Exaltation of the Holy Cross

In the fourth century in the Isles of Britain, Constantine the Great was crowned emperor of the Holy Roman Empire.

When Constantine then marched on Rome with his army, he had a vision of a cross of stars in the mid-day sky, which he believed assured his victory over Maximus. This vision was confirmed in a dream in which he saw the Cross of the Lord, and the words, "By this sign, conquer." Constantine did indeed defeat the more powerful army of Maximus and took possession of the Roman throne.

St. Helen, Constantine’s mother, journeyed to the Holy Land and the Cross of the Lord was uncovered, along with the two crosses of the criminals who were crucified with Him.

The true Cross was identified when each cross was in turn placed over the body of a man being taken for burial. When he was covered with the Lord’s Cross, he was miraculously resurrected. The people then venerated the Cross of Christ. The great crowds made it impossible for all to kiss the Cross itself, so it was raised high by Macarius, the Patriarch of Jerusalem, so that the people might see and venerate it. This was the origin of the Feast of the Exaltation of the Precious Cross. The feast was regularly celebrated in the Eastern Churches as early as the dedication of the Church of the Holy Sepulchre in Jerusalem, in which is found Christ’s tomb, around the year 335, and was adopted by the Roman Church in the 7th century.

The feast of the Exaltation of the Cross, or Triumph of the Cross, is celebrated on September 14. The Cross on which Jesus Christ was crucified is the doorway to His conquering of sin and death by His Resurrection. Through the Cross and resurrection all have have been redeemed and have the hope of salvation, eternal life in heaven with our loving God.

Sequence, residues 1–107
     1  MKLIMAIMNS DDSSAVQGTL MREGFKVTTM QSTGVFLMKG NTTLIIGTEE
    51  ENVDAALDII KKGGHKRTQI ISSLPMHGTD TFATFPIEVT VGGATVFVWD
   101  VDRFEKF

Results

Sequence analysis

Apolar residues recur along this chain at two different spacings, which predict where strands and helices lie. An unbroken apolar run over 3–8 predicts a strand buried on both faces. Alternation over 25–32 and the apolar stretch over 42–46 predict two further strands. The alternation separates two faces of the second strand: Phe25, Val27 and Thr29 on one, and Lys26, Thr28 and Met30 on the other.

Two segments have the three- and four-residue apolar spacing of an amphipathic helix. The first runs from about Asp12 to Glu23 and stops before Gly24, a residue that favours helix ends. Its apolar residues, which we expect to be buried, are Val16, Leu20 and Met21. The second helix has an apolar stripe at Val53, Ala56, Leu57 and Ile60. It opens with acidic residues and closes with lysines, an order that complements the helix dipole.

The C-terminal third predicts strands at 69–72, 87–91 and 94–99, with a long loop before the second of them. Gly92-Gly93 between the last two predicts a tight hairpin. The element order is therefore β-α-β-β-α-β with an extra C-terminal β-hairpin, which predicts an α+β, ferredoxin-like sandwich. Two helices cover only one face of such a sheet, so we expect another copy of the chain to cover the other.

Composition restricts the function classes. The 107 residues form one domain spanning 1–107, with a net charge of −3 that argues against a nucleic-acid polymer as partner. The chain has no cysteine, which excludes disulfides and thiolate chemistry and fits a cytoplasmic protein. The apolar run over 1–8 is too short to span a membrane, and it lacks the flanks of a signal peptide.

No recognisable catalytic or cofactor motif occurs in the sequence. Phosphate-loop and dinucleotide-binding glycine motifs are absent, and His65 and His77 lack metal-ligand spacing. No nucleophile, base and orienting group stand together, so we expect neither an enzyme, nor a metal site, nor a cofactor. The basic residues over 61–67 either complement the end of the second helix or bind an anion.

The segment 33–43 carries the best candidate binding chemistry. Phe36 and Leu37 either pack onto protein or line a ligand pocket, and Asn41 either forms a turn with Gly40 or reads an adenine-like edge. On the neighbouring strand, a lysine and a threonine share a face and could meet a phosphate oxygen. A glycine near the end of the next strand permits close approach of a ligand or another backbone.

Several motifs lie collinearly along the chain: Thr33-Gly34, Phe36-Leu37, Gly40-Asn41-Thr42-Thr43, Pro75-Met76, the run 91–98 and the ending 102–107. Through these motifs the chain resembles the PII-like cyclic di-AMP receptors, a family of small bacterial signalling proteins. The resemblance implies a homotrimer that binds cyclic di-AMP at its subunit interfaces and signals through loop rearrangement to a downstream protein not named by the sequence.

We venerate and exalt and love the Cross of Christ, for by the suffering and death of God’s only Son on the Cross, we have new life.

"We adore You O Christ, and we praise You, because by Your Holy Cross, You have redeemed the world." — St. Alphonsus de Liguori

Other Saints We Remember Today

St. Maternus (1st Century), Bishop

St. Notburga (1313), Virgin, Patroness of peasants, servants, and the poor

  • scott122

    “In the fourth century in the Isles of Britain, Constantine the Great was crowned emperor of the Holy Roman Empire.”

    You have Constantine mixed up with Charlemagne. According to Wikipedia, Flavius Valerius Aurelius Constantinus, commonly known as Constantine I, or Constantine the Great, was Roman Emperor from 306, and the undisputed holder of that office from 324 to his death. Best known for being the first Christian Roman Emperor.

    Also according to Wikipedia, Charlemagne (747 – 28 January 814) was King of the Franks from 768 to his death. During his reign he conquered Italy and was crowned Imperator Augustus by Pope Leo III on 25 December 800 as a rival of the Byzantine Emperor in Constantinople. Through his foreign conquests and internal reforms, Charlemagne helped define both Western Europe and the Middle Ages. He is numbered as Charles I in the regnal lists of France, Germany, and the Holy Roman Empire.

    Constantine had nothing to do with the Holy Roman Empire – that was Charlemagne. And none of this took place in Britain.

  • mkochan

    Wrong. Constantine was campaigning (warring) in Britian when his father died and he was proclaimed emperor. Then he went to Rome to secure his rulership by defeating a rival emperor.

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